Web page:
Give any non-text element room to breathe: videos, ads, tweets, and images. They don’t always have to be centered, but each element should have a well-protected place in the content. Medium provides plenty of padding for any elements that accompany the article. The overall reading environment that Medium creates is one of the most enjoyable reading experiences on the internet right now.
- Reading stats are cool.
Medium provides an estimated reading time at the beginning of every article. The Walrus uses a progress bar (thin red line just under the title). It’s more like reading a book. You can see and feel your progress as the number of pages read becomes thicker than what you have yet to read. Progress bars provide a similar sensation.
Estimated reading times help define what the experience will be like. When you’re reading a long article and you hit a slow or weak section, not knowing how much longer until the end makes you want to quit. But knowing you’re about half way through an 8 minute read makes it easier to endure the rough patches.
- Make it easy to be social.
When you’ve just read something that blew you away or that was fun to read, your first instinct is to share that experience with others.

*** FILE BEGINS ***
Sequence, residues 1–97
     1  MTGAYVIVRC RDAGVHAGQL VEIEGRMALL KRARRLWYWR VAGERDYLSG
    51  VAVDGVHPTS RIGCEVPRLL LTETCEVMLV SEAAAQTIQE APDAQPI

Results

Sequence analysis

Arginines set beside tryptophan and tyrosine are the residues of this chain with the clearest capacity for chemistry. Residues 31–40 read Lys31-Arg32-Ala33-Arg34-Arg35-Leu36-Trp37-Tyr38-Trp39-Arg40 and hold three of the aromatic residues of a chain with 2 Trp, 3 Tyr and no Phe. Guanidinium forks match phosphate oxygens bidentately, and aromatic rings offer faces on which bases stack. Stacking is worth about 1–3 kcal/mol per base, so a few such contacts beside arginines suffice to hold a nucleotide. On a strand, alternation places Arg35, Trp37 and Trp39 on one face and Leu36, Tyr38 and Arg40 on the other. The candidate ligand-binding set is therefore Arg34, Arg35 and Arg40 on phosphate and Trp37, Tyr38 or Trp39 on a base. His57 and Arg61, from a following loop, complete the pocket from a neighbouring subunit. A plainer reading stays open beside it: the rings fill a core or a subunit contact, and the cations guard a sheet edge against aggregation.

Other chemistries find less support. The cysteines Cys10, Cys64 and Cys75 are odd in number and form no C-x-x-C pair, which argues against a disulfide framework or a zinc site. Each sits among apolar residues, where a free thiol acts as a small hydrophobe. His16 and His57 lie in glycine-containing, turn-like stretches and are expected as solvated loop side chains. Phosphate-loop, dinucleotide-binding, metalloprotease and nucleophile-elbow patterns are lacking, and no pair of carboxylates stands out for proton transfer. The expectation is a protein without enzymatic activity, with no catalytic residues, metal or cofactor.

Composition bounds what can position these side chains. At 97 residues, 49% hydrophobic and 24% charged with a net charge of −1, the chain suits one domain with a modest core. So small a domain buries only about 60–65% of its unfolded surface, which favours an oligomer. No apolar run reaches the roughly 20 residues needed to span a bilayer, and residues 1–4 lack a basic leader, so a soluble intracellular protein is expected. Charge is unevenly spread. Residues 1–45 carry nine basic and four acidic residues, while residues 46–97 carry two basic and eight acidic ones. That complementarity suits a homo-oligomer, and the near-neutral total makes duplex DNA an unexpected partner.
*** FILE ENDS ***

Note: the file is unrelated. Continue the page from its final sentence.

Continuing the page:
As a creator, do yourself a favour and make it easy for readers to share your content. It’s slightly disappointing and even frustrating when it takes effort to share a good article. I know I’ve given up on sharing certain pieces, because it was taking too long and I needed to move on with my day.
- Make mobile a dream.
We flip flop between devices so often. Content is consumed on mobile first now. The reading experience has to be smooth and simple. Google, Facebook and Apple all recognize this and have their own solutions to make the mobile reading experience as good as you hope for.
Many of the readability rules that exist for monitors translate to mobile: simple navigation, easy sharing, large type, give images room to breathe, few (if any) ads, and reading statistics. The only major difference between monitors and mobile are the margins.
All good mobile sites have very slim outer margins. Use the full width of the device. Other than slow loading, squished paragraphs are the worst on mobile.
All the websites above have excellent mobile experiences. But the CBC (Canadian Broadcast Corporation) recently redesigned their website’s mobile experience and it’s the best mobile reading environment I’ve seen yet.
Create an Inspiring Reading Experience of Your Own
Readers become fans, who become customers. Give every reader the best experience possible, just like you would give every customer the best experience possible.
How do you create an inspiring experience? First, evaluate your website:
- What links, ads, graphics, pitches, or repetitive elements can you eliminate?
- Is your font large and legible?
- Are your social share buttons obvious and easy to use?
- Are your images crowded by text?
- Is navigation a stream or a web?
- Is it easy to read your content on mobile?
Once you’ve answered these questions, you can go to your design team (or find a good designer) and start a discussion about redesigning your website. It’s not a quick fix, but if you want loyal readers, you’ll be glad you started the conversation now.